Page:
Electrification and the swing toward SUVs are making their mark on the scales of the Belgian car fleet. On average, cars now weigh 10% more than three years ago, according to research by Energyville. According to the organization, the weight penalty of both trends is terrible news for safety and CO2 goals.
Energyville spots two winners in the Belgian market, which last year lost more than one-third of their volume (-33%) compared to 2019: electrified vehicles and SUVs. 2022 was the first year SUVs sold better than other car types, with a share of 51 percent.
More than 10%
But battery-electric vehicles (BEV) and plug-in hybrids (PHEVs) also performed well. As a result, their sales totaled 95 000 units. As a comparison, once a stronghold, diesel vehicles accounted for 80 000 units. As a result, battery-powered cars in Belgium now account for more than 10%, though they are primarily company cars.
As a result, the heavy battery packs and the bigger models are driving up the average weight of the Belgian car fleet. While a regular gasoline car comes in at only 1 337 kilos on average, this rises to 1 956 kilos for PHEVs and 2 055 kilos for BEVs.
The rising share of electric cars has pushed average CO2 levels below 90 g/km for the first time for Belgium’s car fleet, but the researchers note that the weight increase isn’t ideal for those CO2 levels. Especially for PHEVs. “SUVs are heavier, less aerodynamic, and more powerful; they emit more CO2, and have a lower Eco score,” notes Energyville. And, all-electric or not, their heavier mass is less safe.
Looking ahead, the surging SUV movement isn’t going anywhere anytime soon. Many carmakers have been forced to streamline their portfolios, favoring high-riding models over conventional sedans, station wagons, and MPVs, leaving the customer with little choice concerning body type. In that sense, it is a self-fulfilling trend. Customers looking for a practical and roomy vehicle are almost condemned to choose an SUV.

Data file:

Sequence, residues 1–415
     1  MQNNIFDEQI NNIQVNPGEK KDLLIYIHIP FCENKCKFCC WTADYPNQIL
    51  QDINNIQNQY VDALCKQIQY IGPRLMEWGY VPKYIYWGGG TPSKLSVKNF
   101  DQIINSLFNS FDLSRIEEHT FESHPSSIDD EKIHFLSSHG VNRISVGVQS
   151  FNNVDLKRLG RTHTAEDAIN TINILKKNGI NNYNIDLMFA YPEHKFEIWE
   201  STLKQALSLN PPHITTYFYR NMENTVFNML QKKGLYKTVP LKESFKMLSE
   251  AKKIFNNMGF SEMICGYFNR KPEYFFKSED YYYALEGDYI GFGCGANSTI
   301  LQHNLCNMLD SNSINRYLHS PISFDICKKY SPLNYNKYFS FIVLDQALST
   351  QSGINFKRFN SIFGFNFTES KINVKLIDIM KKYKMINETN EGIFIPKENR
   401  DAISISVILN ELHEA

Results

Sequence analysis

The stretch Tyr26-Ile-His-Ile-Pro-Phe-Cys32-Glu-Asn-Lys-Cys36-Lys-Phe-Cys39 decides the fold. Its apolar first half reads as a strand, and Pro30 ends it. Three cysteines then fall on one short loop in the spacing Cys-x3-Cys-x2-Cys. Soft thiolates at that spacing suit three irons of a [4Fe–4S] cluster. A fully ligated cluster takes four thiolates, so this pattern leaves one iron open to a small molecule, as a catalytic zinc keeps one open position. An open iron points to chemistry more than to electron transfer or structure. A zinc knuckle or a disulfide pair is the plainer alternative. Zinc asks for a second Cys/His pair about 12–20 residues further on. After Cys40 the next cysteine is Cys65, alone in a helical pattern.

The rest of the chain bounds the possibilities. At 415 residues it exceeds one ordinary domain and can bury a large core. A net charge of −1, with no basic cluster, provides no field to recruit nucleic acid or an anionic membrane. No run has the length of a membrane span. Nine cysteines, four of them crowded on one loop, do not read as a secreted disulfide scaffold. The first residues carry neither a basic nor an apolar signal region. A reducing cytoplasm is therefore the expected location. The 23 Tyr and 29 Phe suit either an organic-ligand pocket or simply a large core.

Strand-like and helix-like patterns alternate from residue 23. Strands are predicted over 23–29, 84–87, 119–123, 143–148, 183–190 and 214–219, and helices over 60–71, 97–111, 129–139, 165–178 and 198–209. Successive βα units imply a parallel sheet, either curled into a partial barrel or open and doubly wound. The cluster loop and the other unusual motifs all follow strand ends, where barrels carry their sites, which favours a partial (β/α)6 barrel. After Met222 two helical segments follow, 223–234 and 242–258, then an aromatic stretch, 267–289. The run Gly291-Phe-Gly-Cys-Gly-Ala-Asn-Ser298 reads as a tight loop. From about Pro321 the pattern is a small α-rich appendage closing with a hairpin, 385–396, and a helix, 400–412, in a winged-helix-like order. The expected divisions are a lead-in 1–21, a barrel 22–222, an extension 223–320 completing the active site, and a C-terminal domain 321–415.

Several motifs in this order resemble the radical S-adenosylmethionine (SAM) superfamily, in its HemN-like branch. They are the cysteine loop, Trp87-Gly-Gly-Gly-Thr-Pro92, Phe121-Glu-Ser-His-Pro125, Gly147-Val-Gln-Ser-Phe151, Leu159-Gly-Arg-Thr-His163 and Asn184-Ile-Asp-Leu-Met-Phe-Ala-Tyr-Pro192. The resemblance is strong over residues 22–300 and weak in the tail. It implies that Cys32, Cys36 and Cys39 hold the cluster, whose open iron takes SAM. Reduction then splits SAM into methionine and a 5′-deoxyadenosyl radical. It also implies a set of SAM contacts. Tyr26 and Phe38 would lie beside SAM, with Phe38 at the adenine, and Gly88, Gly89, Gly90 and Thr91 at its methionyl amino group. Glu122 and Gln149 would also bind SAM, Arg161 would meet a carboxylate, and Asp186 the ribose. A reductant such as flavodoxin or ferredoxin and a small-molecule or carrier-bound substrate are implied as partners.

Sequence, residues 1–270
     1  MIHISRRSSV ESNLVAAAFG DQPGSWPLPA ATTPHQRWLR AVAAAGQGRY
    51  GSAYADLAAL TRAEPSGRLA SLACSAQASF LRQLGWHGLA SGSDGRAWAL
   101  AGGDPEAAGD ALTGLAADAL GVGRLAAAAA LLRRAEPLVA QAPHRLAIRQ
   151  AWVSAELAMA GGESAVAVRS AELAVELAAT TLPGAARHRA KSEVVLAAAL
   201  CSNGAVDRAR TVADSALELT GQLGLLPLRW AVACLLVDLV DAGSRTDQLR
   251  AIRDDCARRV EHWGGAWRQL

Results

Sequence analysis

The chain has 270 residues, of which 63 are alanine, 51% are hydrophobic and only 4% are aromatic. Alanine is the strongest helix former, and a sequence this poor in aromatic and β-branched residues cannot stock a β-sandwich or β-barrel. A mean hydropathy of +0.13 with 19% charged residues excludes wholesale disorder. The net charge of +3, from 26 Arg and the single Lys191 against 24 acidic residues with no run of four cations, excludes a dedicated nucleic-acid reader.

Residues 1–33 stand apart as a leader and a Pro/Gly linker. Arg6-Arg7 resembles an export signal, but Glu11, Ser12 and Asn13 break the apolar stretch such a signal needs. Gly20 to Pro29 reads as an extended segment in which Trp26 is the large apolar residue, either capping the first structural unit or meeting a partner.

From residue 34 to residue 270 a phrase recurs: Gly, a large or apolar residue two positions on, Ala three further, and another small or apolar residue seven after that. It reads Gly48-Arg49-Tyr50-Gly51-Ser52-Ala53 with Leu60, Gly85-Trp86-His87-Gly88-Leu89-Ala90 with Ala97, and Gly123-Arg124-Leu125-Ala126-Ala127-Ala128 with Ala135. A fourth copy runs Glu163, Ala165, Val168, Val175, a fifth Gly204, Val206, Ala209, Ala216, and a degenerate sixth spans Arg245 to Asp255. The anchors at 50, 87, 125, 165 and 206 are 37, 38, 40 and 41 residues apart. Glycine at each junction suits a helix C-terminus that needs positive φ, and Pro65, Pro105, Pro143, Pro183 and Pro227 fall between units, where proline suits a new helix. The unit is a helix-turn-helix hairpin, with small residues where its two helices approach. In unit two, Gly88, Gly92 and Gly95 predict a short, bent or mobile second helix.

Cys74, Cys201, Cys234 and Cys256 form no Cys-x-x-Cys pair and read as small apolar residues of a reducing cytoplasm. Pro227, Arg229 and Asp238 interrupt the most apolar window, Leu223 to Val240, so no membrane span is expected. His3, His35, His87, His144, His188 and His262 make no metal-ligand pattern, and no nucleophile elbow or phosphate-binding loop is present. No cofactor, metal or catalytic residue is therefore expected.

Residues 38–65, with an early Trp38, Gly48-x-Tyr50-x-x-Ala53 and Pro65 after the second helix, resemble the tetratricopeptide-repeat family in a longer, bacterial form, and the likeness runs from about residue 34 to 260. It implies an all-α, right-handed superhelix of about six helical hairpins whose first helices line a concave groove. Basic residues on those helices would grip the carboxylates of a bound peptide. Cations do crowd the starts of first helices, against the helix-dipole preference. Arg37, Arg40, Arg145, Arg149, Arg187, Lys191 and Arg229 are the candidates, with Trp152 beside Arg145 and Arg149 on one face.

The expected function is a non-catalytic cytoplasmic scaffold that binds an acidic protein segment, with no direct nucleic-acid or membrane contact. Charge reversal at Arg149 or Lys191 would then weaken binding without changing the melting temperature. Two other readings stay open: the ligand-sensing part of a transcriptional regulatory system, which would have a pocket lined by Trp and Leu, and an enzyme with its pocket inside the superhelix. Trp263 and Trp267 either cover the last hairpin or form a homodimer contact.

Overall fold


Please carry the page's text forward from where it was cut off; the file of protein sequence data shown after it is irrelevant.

Battery as a ‘turbo’
Ford has already announced it is switching to an SUV-only offering in Europe, and also Volkswagen has killed the sedan version of its once-reigning Passat. Also, at Mercedes, it is rumored that the popular station wagon version won’t survive the electrification trend.
Moving to battery power is adding a turbo to the SUV trend. Their bigger size and more accessible write-off cost because of their higher market value make SUVs and crossovers suitable for all-electric drivelines, which need room for bigger batteries.
However, it is worth noting that EV start-ups, like Tesla and Polestar, kickstarted their offensive with a regular sedan. But as soon as the American brand, for example, added the crossover Model Y to its range, the best-selling Model 3 was eclipsed by its stable mate.
Energyville is a collaboration between academic and professional researchers from KU Leuven, Vito, Imec, and UHasselt. Their findings on average car weight were published to celebrate the twentieth anniversary of Ecosore, a tool for calculating vehicle emissions.